Tuesday, March 10, 2009

Signs of Spring part iii

Walking in Bermondsey today, which is not a place you expect to see green things, I spied a pair of magpies in a tree (the only tree on the street) building a nest. They had a mass of twigs of similar lengths & widths and were in the process of weaving them into a secure nest with their beaks. One would jump back every so often, onto an adjacent branch, as if to size up their progress. Amazing to watch!

Curious about what I saw, did a bit of Googling and came up with some interesting info. According to various bird sites I consulted:

"Both birds build the large nest, which can take several weeks to complete, from small branches and twigs, and line it with mud and vegetation. The nest is usually in a large tree (but sometimes in pylons) and domed to prevent predation by other crows, but some birds do not bother."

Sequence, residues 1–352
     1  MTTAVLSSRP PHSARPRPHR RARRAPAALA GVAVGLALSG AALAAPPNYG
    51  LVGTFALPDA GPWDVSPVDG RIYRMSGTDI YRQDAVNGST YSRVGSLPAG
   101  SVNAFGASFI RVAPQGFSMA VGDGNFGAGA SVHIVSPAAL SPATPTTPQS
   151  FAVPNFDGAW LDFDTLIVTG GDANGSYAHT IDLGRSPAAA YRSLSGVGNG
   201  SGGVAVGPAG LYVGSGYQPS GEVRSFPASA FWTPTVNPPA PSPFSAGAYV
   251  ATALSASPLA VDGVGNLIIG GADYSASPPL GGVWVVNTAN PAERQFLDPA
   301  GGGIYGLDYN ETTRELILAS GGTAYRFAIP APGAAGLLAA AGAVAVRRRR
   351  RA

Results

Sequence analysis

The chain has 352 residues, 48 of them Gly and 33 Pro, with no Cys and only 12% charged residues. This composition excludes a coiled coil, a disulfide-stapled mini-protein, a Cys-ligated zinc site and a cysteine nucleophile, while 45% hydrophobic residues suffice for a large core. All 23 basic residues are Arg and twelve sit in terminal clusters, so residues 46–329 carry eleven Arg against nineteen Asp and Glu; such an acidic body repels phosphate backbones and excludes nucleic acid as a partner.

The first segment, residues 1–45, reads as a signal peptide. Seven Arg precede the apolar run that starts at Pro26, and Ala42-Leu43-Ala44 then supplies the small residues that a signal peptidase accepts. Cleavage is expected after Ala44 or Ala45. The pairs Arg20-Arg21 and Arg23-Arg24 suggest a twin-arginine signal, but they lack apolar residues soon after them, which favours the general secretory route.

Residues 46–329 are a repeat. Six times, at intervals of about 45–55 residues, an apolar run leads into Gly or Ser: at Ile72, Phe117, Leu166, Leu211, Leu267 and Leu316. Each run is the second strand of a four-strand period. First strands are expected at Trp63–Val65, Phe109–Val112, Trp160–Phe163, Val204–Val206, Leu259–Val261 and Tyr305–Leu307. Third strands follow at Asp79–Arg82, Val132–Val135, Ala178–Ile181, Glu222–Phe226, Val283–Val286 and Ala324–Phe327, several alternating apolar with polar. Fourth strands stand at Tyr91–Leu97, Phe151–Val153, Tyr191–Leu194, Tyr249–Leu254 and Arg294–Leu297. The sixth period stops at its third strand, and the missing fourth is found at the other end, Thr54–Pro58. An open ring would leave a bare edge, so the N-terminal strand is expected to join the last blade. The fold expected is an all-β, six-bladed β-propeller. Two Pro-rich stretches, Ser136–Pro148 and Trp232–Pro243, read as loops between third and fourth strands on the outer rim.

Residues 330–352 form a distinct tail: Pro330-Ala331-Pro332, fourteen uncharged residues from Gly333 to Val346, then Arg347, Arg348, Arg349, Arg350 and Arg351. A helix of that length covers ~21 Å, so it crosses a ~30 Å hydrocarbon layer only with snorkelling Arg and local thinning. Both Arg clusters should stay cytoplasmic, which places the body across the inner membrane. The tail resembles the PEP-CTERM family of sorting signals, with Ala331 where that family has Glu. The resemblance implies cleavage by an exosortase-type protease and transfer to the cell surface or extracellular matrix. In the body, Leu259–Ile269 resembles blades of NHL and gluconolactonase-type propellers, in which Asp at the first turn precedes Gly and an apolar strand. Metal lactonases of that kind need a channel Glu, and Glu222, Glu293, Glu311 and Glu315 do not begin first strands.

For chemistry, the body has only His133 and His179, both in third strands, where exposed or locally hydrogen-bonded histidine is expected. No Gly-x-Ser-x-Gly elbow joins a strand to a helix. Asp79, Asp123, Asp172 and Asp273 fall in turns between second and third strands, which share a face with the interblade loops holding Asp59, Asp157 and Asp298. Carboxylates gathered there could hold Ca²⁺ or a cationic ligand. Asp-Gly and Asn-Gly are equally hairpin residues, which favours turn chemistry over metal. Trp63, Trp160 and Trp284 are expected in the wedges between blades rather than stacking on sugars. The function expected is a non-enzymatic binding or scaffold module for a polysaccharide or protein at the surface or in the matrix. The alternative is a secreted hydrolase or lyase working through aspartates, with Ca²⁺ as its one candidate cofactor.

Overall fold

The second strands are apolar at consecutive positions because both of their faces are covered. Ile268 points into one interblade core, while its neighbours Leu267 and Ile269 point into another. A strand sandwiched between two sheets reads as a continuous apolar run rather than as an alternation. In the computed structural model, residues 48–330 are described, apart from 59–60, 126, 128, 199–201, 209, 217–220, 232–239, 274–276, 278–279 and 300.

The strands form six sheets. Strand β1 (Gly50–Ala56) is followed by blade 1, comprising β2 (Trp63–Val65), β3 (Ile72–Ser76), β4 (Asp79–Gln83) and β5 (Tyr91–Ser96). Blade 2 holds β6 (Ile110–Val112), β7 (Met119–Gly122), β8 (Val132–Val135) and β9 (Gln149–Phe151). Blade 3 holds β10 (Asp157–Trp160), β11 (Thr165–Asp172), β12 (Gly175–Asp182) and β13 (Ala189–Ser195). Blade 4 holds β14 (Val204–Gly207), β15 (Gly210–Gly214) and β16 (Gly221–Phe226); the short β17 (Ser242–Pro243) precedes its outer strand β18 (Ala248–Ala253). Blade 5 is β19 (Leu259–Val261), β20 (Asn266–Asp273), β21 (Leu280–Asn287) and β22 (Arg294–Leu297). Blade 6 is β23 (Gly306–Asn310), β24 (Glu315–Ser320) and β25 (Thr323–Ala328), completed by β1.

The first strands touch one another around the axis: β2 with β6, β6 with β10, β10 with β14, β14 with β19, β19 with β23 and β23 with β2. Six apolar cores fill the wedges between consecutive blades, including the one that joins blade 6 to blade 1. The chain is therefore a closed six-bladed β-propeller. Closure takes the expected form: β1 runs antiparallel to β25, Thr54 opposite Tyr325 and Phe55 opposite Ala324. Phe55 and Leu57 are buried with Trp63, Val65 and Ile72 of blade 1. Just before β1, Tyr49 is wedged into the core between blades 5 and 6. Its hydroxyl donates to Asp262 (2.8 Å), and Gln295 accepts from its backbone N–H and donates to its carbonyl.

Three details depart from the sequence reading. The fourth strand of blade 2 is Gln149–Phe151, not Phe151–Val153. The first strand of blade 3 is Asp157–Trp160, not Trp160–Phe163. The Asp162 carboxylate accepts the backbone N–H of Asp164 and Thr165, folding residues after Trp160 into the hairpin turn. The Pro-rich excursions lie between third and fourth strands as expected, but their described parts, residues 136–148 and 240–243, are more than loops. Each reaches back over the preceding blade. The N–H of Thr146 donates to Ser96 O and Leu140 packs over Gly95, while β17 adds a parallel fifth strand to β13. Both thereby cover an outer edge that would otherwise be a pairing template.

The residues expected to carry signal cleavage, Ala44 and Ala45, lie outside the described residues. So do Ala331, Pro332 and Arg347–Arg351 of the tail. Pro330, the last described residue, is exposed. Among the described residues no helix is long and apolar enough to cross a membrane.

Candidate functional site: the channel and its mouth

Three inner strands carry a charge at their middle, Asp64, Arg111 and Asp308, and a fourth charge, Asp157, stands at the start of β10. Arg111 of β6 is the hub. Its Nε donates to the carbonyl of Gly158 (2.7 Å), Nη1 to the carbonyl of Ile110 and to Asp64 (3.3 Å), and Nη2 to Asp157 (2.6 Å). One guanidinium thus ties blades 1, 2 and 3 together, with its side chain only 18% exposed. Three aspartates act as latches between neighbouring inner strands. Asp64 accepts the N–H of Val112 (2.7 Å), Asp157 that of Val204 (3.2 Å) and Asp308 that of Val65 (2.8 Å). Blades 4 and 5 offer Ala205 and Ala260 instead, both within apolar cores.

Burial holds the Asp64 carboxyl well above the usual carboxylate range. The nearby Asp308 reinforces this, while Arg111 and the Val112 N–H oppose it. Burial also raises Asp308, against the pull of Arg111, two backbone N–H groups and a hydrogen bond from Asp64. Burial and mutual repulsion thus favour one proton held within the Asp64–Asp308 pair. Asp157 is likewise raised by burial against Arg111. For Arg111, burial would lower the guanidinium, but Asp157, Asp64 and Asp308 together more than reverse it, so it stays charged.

Also in the spring, "large numbers of Magpies often gather to resolve territorial conflicts and social standing. These gatherings are called parliaments."

On a related note, "breeding magpies hold a territory of about five hectares (12 acres) all year round. Because nest sites are limited, between 25% and 60% of magpies in an area do not breed."
So not only were these two quite skilled builders, they belong to a small breeding subset amongst celibate peers.

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